Buying an RV For the First Time: A Tale of Mishaps and Adventures


Kat Baranowska

Favorite Trip

Lapland in Sweden

Home Base

Spencer, TN

Favorite RV

Thor Freedom Elite 22FE. This is my dream RV. Perfect for a family traveling with a kid. There’s plenty of space in it. Personally, I prefer a Class C over a trailer because it’s easier to maneuver in hard-to-reach places.

About Contributor

Kat is a travel writer. She can write endlessly about South America and Europe. She gained her commercial experience as a writer and copywriter, working on advertising campaigns for HBO and Mastercard, among others. Currently, she prefers telling stories based on her own experiences or local stories she hears during her travels. She strives to reach places where diving is possible—even under ice. Apart from Australia, she has explored every continent.

Are you on the verge of buying your first RV? If you have the option to purchase a brand-new camper, there’s a lot less to worry about. I had a limited budget and had to find the perfect used RV at a good price. If you’re in a similar situation, I have some RV-buying advice that will save you from some of the mishaps I encountered.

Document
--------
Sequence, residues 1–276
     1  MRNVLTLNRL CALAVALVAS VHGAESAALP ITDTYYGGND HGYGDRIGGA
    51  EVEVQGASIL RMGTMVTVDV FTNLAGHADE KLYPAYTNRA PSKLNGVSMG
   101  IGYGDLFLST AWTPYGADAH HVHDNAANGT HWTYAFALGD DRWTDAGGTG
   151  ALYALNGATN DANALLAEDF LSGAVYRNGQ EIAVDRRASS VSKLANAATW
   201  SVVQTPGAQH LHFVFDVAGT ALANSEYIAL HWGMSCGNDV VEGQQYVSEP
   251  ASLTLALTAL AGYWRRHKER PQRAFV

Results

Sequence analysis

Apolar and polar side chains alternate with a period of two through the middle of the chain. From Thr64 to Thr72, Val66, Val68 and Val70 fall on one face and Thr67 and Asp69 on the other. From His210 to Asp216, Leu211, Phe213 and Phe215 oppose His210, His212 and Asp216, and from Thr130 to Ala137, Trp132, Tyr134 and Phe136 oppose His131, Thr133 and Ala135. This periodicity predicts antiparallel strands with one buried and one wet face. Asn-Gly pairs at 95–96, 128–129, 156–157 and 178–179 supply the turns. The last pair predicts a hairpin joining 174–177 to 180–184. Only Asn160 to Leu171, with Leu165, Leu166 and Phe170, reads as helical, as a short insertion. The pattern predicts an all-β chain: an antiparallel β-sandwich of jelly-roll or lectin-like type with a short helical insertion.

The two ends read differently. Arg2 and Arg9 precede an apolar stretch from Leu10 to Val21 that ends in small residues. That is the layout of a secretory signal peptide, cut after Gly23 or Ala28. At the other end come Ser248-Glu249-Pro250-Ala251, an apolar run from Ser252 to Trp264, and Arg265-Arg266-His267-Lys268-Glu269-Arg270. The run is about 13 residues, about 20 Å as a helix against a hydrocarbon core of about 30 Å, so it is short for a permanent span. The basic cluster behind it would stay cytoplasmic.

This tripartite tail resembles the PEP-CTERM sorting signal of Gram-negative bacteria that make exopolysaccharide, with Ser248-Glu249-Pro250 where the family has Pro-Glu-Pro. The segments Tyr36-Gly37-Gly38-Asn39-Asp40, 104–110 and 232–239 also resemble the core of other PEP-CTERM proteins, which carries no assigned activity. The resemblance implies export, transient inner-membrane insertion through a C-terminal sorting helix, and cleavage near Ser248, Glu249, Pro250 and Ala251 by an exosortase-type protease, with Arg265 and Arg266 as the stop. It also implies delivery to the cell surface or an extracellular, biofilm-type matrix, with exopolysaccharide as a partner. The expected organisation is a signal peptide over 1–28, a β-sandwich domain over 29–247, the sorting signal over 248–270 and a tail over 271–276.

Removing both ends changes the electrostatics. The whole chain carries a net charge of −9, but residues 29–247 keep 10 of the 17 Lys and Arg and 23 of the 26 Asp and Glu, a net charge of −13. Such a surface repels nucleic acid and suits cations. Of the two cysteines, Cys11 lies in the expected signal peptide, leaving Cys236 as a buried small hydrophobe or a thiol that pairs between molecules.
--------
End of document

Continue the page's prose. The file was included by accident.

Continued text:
How Did Our RV Buying Journey Begin?

Photo by Kat Baranowska

I’ve always had a thing for globetrotting. I’ve been on the move for eons, and home is becoming more like a rare sighting. There are many travel styles, and everyone does it in their own quirky way. I used to be a die-hard Airbnb and fan. However, after countless adventures (mostly mishaps), I started pondering alternatives. Don’t get me wrong. Airbnb is cool, but when you’re on a perpetual journey, the odds of running into negative experiences can stack up faster than you can say, “Book now.”

In my Airbnb history, I’ve encountered mold and leftover food on dirty utensils, hosts insisting on a $500 refund for a minor wall speck, and walls vibrating from the merry dance of little feet on the floor above. Not to forget sluggish Wi-Fi speeds below 0.97 Mbps, accommodations deviating significantly from their descriptions, and walls so thin that the noise level barely differs from the bustling street.

A little while back, on our escapades in the Dominican Republic, my wife came up with the wild idea of getting a camper. I must confess that I wasn’t exactly thrilled about the notion. I love having ample living space, a spacious kitchen, and a comfortable bathroom. After countless debates, I reluctantly decided to give it a shot. The camper van was immediately out of the question—it’s just too tiny. On the flip side, the Class A felt colossal. It turned out that our sweet spot was a Class C RV.

Where Things Went Wrong With Our First RV

Photo by Kat Baranowska